(4) Warning of a security breach. If a network operator discovers that the personal information of children has or could be leaked, damaged or lost, it is required to inform the affected children and their guardians of the relevant details of the event by e-mail, push notification, etc. If informing them one by one is impossible, it is required to publish the relevant warning information in a reasonable and effective manner.

Special protection mechanism

China’s Cybersecurity Law sets out the basic principles and systems for protecting the personal information of citizens. Cybersecurity Law provisions further establish a dedicated mechanism for protecting the personal information of children. This special protection mechanism includes
the following:

(1) Dedicated responsibility. Article 8 of these provisions requires network operators to put in place rules and a user agreement specifically for the protection of the personal information of children, and additionally requires them to designate specific persons to be responsible for protecting the personal information of children.

(2) Minimum authorization. To prevent the theft or leakage of the personal information of children by working personnel, article 15 of these provisions requires that working personnel be granted only minimal access to such information, strictly controlling the scope of children’s personal information to which they may be privy. Additionally, a network operator is to adopt technical measures to prevent the illegal reproduction and download of children’s personal information.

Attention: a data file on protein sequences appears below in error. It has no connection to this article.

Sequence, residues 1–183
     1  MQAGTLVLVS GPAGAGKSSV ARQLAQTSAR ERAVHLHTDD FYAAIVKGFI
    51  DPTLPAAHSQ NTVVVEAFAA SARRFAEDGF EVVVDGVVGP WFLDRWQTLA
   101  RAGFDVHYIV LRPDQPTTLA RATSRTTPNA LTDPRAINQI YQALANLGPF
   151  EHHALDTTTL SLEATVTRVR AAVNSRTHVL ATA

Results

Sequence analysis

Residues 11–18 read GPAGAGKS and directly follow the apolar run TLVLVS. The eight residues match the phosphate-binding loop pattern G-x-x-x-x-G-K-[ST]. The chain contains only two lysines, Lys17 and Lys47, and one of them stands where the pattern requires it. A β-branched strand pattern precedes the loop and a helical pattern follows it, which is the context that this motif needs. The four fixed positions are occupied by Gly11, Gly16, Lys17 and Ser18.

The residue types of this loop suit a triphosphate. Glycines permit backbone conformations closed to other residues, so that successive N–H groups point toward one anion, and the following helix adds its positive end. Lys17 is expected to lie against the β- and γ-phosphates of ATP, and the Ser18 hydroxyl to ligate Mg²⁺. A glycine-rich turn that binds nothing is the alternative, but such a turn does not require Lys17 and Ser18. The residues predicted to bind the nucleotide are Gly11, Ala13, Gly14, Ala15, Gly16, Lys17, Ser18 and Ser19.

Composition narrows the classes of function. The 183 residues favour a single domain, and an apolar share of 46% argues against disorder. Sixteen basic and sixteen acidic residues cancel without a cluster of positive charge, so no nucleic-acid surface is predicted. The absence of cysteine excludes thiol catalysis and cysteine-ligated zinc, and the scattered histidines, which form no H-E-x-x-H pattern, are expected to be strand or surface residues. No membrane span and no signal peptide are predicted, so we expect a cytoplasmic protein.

(3) Security assessment. Articles 16 and 17 of these provisions specify that if a network operator engages a third party to process the personal information of children, or transfers such information to a third party, it is required to conduct a security assessment.

(4) Right of deletion. Article 20 of these provisions specifies that a child, or his or her guardian, has the right to demand that the network operator delete the child’s personal information that it has collected, stored, used, and/or disclosed, and enumerates specific circumstances under which such right of deletion may be exercised, including exceeding the objective or scope, or the necessary period for, the collection, storage, use, transfer and disclosure of the child’s personal information, withdrawal of consent by the child’s guardian, etc.

The issuance of these provisions marks the entry into a new stage of the online protection of the personal information of children in China. However, these provisions still leave a number of issues unaddressed, including the method of certifying the true identity of children’s guardians, the specific rules for the sharing of the personal information of children, the requirements for the security assessments of the personal information of children, etc.

Such issues still require further exploration and clarification, and the authors recommend that internet enterprises keep a close eye at all times on the regulatory trends in the field of protection of the personal information of children, and explore how to incorporate current rules into the development and operation of their online products and services so as to strike the proper balance between protecting the rights and interests of children and their own business interests.

Tao Shan is a partner and He Wei is an associate at Hylands Law Firm